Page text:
Lumber River State Park
This One Of The State Parks In North Carolina Features A National Wild And Scenic River
Lumber River State Park was formed in 1989 and at the same time was designated as a Natural and Scenic River. It is the only blackwater river in North Carolina that is a National Wild and Scenic River.
This N.C. state park`s size is 9,234 acres and it covers part of four counties, they are Columbus, Hoke, Robeson and Scotland. The park stretches along 115 miles of the course of the Lumber River as it flows through the south central part of North Carolina.
The recreational activities of the Lumber River S.P. are centered on two access areas of the river.
They are the Chalk Bends access, near the town of Wagram on the upper reaces of the river and the Princess Ann access which is close to the border with South Carolina.
Banks Of The Lumber River
The Lumber River is one of the very few rivers in North Carolina that has an unobstructed flow along its course. The fact that the river has no dams led to it being established as a National Canoe Trail in 1981. If you are interested in canoeing the length of this trail
here are the segments
with their relevant paddling time. (Just click on the "boating" section when you reach that page to access the information)
The river received its name many years ago from the first European colonists who settled along its banks. The name came from the amount of logging that was taking place, many of the towns on the Lumber River owe their existance to the timber industry.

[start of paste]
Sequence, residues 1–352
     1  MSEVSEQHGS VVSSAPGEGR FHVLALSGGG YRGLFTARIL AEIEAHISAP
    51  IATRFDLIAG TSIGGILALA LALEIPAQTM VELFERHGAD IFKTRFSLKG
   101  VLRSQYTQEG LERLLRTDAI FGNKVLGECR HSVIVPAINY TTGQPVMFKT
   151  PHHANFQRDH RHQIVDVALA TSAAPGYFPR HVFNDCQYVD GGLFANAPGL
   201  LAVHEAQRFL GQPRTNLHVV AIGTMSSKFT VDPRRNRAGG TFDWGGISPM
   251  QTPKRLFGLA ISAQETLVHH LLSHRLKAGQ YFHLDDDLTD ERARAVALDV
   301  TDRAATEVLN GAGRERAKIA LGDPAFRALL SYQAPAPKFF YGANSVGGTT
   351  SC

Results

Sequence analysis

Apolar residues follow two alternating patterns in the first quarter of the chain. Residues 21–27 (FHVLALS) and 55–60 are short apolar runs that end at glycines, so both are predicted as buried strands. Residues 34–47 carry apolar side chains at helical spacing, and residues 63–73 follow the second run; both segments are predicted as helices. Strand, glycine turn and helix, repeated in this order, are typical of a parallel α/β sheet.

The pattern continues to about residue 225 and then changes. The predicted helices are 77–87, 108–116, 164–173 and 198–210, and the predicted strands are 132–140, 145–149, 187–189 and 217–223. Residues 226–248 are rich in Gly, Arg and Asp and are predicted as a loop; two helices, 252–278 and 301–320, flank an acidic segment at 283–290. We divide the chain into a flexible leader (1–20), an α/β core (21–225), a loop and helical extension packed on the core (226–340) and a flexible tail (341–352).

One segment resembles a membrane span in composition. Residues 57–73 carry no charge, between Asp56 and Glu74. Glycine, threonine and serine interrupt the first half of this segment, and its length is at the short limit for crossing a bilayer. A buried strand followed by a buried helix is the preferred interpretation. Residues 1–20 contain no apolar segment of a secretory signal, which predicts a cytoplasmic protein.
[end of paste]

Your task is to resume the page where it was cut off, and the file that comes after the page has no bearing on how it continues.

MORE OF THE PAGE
The headquarters of the Lumber River State Park is situated at the Princess Ann access. There used to be a town here. It was chartered in 1796 and was only the second town to be created in Robeson County.
The Lumber River at Princess Ann
As the timber industry died along the river so did the town of Princess Ann. Now all that exists of this once thriving place is the name of the road that leads to the state park.
The river in this one of the state parks in North Carolina can be divided into three sections. The narrow upper reaches of the Lumber River is described as the scenic section as the land around it is totally undeveloped.
The middle section running from Black Swamp to the Jacob Branch is the recreational part as access to it along a number of roads is easy.
The third part down to the South Carolina border is the natural section as the area around is very remote from civiisation.
Lumber River S.P. has 22 primitive camping sites. There are eight at Princess Ann and fourteen at Chalk Banks. One site at each area is designated as being handicapped accessable. The sites have a table, grill, fire pit, lantern holder and a garbage can and up to six campers are allowed on each site. There are group campsites which can be reserved by bona fide organisiations and these can accommodate up to twenty people per site.
Here is a map
of the Lumber River State Park showing the two access points and the various facilities.
This is the address and contact details for the park -
Lumber River S.P.
2819 Princess Ann Road
Phone (910) 628-4564 and
email - firstname.lastname@example.org
This is a county map of North Carolina and the position of the Lumber River is roughly between the two stars.
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